Just because the door locks, it doesn’t mean the internal connection allowing power to pass through is working.

Then there’s the problems that can be caused by a defective PCB, defective motor or faulty heating element. Any one of these problems could cause the door to lock and all the LED displays to work as normal but the machine won’t work at all.

Different Types Of Washing Machine Door Locks

Integrated Washing Machine

I’ve explained how the most common type of washing machine door lock works so far. Just to summerise, they work using a bi-metallic strip with a coil of electrical wire wrapped around it.

As power runs through the electrical wire, it heats up the bi-metallic strip which bends and activates the door lock. It consists of 3 wires: a Live, Neutral and Common, the live and neutral form the circuit that activates the bi-metallic strip and the common passes power to the rest of the appliance.

The common has no power at all until the bi-metallic strip locks the door. This system typically takes a couple of minutes to cool down after the cycle has completed which is why the washing machine door won’t open for around 2 minutes.

However, there are some interlocks that use a relay instead which will allow you to open the door as soon as the cycle finishes (this is the system used by Miele).

Pneumatic Door Locks

Others use a bi-metallic strip combined with a pneumatic (air operated) lock. This works by keeping the door locked whilst there is water detected inside the drum.

You can tell if your washer door has an air operated lock because there will be a thin tube attached to the door lock. This tube will connect to a chamber on the tub and as water enters the tub it fills the chamber.

This creates a change in the air pressure in the tube which is how the locking device is operated. After the cycle has completed, and the water is drained from the tub, the chamber empties, releasing the air pressure and the door unlocks.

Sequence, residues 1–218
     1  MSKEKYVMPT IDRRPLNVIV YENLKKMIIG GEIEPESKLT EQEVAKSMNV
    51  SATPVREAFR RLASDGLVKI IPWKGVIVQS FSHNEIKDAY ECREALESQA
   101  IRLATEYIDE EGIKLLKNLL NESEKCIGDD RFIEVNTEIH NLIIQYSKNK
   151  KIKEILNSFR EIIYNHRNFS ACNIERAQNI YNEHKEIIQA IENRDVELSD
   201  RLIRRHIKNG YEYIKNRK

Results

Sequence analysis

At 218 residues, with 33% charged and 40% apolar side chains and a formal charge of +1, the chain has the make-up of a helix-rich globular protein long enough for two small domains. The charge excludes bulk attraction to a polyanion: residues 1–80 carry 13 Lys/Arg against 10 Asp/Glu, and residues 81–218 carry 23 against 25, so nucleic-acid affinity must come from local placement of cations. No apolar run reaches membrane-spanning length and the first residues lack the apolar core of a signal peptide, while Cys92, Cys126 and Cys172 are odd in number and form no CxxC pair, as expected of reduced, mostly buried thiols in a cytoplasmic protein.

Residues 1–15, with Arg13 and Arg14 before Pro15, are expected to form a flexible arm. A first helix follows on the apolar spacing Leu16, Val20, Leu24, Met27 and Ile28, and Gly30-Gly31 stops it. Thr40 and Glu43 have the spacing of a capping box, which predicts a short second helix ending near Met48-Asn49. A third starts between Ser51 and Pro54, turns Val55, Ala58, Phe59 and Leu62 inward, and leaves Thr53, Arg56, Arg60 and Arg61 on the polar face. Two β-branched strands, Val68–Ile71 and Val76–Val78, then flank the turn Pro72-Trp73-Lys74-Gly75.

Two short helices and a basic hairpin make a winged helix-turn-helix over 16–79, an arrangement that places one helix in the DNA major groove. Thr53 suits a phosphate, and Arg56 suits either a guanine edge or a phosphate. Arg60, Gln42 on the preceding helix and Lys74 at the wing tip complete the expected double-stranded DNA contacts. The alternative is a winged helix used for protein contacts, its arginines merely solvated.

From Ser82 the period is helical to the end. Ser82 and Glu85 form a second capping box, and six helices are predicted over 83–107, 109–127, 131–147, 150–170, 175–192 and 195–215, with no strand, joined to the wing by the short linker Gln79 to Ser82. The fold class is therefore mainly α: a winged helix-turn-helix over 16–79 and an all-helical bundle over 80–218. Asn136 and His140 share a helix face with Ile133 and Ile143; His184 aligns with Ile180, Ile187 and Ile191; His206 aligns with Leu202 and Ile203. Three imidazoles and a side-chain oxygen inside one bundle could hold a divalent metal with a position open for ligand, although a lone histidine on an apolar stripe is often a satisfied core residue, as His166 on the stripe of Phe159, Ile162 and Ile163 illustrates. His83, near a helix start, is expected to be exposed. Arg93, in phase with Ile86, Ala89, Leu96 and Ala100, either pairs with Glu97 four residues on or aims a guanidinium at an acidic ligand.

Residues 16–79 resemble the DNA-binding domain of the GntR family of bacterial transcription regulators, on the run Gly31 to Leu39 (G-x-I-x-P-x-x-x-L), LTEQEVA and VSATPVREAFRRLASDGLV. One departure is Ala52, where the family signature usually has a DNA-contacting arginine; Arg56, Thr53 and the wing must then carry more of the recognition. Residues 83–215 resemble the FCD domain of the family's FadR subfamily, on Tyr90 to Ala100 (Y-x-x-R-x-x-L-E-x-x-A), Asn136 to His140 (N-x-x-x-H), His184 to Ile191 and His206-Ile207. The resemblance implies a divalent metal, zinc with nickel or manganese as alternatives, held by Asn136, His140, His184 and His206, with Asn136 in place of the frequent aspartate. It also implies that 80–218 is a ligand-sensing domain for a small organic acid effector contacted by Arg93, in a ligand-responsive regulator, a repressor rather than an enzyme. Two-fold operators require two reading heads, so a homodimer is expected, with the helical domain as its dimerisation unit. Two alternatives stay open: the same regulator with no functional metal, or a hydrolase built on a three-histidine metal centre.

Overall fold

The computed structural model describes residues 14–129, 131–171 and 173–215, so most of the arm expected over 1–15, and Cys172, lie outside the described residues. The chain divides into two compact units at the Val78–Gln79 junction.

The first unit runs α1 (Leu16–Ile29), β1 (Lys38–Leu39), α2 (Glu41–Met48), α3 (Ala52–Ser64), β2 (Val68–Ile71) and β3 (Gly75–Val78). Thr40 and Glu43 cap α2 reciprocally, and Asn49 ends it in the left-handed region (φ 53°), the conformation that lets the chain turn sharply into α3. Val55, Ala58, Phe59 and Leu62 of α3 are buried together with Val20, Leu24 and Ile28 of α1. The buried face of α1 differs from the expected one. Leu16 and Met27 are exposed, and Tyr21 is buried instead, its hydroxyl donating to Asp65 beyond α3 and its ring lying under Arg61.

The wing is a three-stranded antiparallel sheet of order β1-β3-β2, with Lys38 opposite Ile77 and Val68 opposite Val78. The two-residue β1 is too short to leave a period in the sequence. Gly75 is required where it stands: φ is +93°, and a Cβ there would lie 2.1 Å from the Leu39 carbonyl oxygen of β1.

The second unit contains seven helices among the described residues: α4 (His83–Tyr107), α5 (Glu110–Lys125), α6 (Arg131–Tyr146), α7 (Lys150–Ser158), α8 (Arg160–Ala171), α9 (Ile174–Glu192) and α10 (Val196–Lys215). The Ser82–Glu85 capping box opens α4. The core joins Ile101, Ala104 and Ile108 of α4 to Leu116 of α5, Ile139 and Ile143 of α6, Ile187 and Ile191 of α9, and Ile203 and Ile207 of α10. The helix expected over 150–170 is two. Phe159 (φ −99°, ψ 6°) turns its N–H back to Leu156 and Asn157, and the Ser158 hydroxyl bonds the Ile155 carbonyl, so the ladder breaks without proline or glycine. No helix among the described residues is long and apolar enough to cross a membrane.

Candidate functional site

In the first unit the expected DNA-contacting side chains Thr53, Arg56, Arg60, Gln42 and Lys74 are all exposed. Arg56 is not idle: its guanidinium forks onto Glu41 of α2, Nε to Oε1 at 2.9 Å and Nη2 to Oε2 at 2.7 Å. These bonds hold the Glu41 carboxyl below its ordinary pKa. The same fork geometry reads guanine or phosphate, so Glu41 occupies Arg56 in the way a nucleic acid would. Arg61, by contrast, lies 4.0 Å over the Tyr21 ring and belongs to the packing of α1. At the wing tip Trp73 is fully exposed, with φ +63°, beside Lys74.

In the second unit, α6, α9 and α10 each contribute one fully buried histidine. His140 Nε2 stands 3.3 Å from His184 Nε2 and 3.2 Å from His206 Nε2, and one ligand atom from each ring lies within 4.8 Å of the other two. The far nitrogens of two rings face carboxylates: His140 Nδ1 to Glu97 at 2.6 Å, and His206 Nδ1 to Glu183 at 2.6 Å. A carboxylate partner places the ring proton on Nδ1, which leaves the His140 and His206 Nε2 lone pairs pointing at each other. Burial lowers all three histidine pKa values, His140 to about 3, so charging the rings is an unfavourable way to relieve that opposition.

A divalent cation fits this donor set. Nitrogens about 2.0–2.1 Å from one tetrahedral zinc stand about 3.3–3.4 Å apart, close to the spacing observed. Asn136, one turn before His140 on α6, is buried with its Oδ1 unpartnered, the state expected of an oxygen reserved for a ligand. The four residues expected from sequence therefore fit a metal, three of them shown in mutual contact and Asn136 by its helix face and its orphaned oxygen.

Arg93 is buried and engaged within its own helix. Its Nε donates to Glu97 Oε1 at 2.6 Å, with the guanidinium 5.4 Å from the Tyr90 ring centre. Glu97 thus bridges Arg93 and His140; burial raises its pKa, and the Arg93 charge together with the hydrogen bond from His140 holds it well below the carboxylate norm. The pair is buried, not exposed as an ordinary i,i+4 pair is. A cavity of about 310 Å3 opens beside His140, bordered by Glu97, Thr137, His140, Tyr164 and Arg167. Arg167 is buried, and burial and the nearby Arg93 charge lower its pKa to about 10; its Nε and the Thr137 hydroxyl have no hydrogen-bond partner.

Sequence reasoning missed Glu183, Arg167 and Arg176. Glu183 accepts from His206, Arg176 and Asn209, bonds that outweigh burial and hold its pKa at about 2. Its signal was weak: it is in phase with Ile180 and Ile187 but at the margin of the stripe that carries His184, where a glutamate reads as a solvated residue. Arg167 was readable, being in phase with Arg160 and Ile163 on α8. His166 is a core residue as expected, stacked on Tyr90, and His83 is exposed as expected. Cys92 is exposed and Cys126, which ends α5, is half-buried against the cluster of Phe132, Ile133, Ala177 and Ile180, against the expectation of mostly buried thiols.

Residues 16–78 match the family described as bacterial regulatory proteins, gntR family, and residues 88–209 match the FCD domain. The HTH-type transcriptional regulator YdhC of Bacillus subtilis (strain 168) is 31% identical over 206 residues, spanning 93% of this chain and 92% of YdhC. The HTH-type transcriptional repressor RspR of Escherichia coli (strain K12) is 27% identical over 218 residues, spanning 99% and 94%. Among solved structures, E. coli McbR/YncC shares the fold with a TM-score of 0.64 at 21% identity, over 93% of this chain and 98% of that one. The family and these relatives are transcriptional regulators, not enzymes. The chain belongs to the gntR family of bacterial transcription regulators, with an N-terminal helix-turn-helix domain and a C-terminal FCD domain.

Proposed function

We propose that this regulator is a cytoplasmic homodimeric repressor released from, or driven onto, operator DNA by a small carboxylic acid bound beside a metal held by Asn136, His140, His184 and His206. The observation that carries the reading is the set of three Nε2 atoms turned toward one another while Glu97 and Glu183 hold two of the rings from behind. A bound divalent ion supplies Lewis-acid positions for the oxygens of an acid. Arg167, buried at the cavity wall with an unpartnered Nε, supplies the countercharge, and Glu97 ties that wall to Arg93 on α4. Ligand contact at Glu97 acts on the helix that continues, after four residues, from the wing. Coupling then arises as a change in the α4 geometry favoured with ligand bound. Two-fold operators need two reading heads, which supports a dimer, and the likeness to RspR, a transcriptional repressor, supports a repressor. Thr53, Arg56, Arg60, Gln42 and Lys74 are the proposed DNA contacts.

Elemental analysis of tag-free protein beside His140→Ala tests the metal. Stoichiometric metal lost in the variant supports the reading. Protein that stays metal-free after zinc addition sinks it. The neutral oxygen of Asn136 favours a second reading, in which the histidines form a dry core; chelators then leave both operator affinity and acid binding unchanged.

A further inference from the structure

This type of door lock can be problematic because the chamber can get blocked with detergent or other debris which can cause water to become trapped in the chamber. This means the door lock will not deactivate even once the actual tub has been emptied.

This system is still to be found on some washers but has largely been discontinued due to washers using less water which wouldn’t be enough to trigger the door lock.

Pneumatic Door Locks With A Cable

Back in the 1990s Hotpoint introduced a new system which had a pneumatic door lock like those above and a cable which connected to the motor when the door catch was activated.

If the drum was moving, the end of the cable would slip on the drive belt and wouldn’t allow the door to open. Once the drum stopped revolving, the end of the cable created resistance and allowed the door to open.

The problem with this system was the wires overheated regularly and burnt out. Plus the end of the cable was made from plastic which was fixed onto the motor and could also become damaged or dislodged which meant the door failed to open.

SEE ALSO: Washing Machine Door Won’t Open? (here’s how to unlock it)

Frequently Asked Questions

How does a washing machine interlock work?

A washing machine interlock consists of a bi-metallic strip which heats up as the door closes. As the bi-metallic strip heats up it bends and locks the door. It also allows power to pass through it to power the rest of the appliance.

Why is my washing machine interlock not working?

If your washing machine interlock isn’t working it could be because the appliance has overheated and burnt or short circuited the interlock mechanism. If you then try to force the handle, you could damage it and prevent it from opening.

Will the washer work if the door lock is broken?

In most cases, the washer will not work if the door lock is broken. This is because the control board will not allow the washer to start unless it detects that the door lock has been activated.